Divrei Torah

Kedoshim: Theory and Practice

One of the cardinal principles of Judaism is the belief in the Divine origin of our Bible. While Moshe Rabbeinu was the greatest of human beings, his input into the wording of the Torah is minimal at best. In this regard, Moshe was not more than a recording secretary, faithfully transcribing the word of G-d.Yet while G-d is the author of the Torah, He has no say in its development and application in day-to-day life. Lo Bashamayim hee,...
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Tazria: The Potential of Children

There is no event more awe-inspiring than the birth of a baby. It is the closest we can come to acting like G-d, creating something from nothing. It is no coincidence that, soon after the Torah tells the story of creation, man is given the command Pru Urvu—to be fruitful and multiply—joining with G-d in the process of creation.One might expect that, after experiencing the birth of a baby, new parents would be required to bring a...
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Yitro: Nine Commandments

February 13, 2009 By: Rabbi Jay Kelman Category: Parsha Thoughts: Rabbi Jay Kelman
 This week's d’var Torah is sponsored by Dr. Charles and Nathalie Piwko in observance of the yahrzeit of Charlie's mother, ob”m, and in celebration of the bar mitzvah of their children, Jeremy and Imanuel. Mazal tov to the extended family.It is customary in most shuls to read the aseret hadibrot in what is known as ta'am elyon, the upper cantillation. Whereas the ta'am tachton (the lower...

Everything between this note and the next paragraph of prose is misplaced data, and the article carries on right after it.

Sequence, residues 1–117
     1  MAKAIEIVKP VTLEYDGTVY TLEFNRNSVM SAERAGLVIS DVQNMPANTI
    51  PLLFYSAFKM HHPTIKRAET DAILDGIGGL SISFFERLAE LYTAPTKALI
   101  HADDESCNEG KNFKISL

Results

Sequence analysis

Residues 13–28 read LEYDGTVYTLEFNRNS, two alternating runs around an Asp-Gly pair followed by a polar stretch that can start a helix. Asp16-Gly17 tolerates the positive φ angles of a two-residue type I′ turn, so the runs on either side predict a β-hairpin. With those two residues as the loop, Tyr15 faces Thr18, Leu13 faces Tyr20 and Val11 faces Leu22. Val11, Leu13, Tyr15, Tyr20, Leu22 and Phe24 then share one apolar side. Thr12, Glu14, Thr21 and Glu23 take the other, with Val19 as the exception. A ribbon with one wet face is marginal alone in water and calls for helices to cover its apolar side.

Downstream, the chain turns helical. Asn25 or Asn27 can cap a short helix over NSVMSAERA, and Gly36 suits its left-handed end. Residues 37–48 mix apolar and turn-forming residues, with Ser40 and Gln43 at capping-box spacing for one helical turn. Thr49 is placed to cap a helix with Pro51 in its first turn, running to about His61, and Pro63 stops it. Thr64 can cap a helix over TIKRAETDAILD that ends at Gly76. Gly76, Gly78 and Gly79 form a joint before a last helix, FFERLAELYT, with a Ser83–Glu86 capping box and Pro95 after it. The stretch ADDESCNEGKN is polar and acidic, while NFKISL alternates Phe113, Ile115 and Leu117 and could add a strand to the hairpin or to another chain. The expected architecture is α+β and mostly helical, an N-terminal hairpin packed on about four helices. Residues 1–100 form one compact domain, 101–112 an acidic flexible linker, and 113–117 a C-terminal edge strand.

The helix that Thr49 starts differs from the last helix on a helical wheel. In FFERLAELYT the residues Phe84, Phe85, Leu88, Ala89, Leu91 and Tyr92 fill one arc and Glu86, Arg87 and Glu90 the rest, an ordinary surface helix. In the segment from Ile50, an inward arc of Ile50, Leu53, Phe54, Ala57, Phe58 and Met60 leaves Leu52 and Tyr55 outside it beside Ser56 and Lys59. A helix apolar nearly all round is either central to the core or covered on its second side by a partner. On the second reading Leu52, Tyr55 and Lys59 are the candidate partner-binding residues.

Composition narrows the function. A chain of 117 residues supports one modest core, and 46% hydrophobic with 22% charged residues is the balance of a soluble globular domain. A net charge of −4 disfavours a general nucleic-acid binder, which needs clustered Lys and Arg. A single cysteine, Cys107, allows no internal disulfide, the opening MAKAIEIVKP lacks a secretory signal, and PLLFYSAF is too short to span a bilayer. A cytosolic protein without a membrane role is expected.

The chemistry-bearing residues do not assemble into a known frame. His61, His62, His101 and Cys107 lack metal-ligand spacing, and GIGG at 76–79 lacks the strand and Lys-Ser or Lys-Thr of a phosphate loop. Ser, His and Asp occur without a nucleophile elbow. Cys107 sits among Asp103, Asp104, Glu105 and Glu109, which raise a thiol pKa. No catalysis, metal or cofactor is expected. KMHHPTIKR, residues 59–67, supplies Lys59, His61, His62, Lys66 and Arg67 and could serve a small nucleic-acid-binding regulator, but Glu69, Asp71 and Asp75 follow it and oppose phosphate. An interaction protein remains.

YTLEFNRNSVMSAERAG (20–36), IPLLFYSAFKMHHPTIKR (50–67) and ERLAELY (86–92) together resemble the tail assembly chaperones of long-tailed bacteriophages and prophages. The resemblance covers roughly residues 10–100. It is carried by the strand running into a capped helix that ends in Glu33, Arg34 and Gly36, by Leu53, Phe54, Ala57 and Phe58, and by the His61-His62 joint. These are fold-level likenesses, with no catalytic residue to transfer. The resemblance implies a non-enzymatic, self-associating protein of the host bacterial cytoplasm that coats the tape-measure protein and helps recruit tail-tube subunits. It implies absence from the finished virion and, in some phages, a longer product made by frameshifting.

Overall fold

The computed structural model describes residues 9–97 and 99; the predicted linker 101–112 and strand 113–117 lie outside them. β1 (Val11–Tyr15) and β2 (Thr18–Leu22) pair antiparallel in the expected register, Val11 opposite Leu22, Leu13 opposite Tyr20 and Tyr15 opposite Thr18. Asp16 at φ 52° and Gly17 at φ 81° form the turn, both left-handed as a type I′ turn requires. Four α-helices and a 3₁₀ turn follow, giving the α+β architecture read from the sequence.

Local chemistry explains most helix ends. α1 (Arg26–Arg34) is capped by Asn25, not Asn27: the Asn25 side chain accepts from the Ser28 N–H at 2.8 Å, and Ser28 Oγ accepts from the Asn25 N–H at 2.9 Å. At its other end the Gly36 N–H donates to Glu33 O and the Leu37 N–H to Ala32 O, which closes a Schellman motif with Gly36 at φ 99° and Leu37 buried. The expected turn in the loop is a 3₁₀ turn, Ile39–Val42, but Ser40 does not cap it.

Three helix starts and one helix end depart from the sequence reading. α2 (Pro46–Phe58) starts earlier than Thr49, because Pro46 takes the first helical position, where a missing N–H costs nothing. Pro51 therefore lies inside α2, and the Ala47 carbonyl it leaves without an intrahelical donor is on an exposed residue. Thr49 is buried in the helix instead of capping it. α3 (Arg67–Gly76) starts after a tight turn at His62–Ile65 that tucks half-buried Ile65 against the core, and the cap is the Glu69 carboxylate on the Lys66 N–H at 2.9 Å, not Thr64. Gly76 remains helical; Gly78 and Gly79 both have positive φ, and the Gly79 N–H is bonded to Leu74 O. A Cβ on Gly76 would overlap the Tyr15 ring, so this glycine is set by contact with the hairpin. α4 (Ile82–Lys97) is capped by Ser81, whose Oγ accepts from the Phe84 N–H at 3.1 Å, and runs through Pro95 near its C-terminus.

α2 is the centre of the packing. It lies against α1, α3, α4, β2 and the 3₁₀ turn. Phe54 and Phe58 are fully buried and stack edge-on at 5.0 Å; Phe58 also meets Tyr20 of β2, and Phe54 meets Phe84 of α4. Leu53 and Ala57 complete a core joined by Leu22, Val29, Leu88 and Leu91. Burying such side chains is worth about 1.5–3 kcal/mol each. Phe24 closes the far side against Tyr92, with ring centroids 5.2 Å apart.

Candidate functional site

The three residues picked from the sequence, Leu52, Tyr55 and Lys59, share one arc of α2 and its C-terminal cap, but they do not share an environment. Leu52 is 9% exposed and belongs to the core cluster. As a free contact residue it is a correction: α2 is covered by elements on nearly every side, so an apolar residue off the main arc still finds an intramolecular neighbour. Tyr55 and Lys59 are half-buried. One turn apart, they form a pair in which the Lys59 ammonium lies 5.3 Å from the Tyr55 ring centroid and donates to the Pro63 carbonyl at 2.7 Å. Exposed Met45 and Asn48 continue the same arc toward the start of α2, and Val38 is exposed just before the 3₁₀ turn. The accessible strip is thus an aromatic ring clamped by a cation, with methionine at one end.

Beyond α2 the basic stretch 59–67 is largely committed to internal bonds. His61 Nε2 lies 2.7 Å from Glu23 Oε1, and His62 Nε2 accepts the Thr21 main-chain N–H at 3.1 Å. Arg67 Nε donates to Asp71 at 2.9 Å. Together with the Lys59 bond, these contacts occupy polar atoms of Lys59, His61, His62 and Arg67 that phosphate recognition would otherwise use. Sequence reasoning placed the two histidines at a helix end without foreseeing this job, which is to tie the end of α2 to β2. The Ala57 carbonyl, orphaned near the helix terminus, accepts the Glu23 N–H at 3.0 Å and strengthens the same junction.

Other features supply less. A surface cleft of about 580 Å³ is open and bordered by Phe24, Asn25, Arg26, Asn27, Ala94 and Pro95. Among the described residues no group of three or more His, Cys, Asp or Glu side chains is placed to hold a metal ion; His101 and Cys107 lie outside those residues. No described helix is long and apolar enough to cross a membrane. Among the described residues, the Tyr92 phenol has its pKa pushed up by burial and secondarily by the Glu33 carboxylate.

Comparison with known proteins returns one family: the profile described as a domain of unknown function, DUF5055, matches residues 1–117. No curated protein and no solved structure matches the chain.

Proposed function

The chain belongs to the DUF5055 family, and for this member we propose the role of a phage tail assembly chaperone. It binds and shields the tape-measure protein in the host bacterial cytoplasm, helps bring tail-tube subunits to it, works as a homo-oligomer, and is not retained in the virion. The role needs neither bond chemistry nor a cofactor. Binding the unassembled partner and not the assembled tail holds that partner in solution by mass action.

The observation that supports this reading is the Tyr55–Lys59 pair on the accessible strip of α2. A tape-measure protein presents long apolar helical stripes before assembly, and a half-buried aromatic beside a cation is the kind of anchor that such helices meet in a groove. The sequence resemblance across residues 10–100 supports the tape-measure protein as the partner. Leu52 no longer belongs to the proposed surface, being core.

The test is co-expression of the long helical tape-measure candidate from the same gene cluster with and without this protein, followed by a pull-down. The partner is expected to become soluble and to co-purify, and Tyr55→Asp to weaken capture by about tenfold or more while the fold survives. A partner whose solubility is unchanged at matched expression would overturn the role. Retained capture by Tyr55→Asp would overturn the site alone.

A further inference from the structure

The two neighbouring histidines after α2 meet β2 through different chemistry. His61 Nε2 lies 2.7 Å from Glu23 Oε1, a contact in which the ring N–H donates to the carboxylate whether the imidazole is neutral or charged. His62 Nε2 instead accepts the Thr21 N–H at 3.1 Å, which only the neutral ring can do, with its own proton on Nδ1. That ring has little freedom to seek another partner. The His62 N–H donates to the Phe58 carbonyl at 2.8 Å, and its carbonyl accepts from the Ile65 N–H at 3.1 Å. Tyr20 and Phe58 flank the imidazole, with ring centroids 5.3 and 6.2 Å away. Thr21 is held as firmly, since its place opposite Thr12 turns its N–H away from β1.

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VaEra: Status Quo

January 23, 2009 By: Rabbi Jay Kelman Category: Parsha Thoughts: Rabbi Jay Kelman
"And they did not listen to Moshe, from short spirit and hard work" (7:9). Moshe had a daunting dual task before him. Not only did he need to demonstrate to Pharaoh that he must free his slaves, he needed to convince the Jewish people that they would be better off following him into the desert. And the latter was a prerequisite for the former."Even the Israelites will not listen to me; how can I expect Pharaoh to listen to me?" (7:12). Moshe...
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VaYechi: Dual Loyalty

January 09, 2009 By: Rabbi Jay Kelman Category: Parsha Thoughts: Rabbi Jay Kelman
"If you really want to do me a kindness... act towards me with truth and kindness and do not bury me in Egypt" (47:29). So begins Yaakov's exhortation to Yosef as he realizes that the end is near. Though Yosef promised to carry out his father's request, Yaakov was not yet satisfied and demanded that Yosef take an oath that he would do as Yaakov asked. Could it really be that Yaakov could not trust his "favourite" son to carry out his will?...
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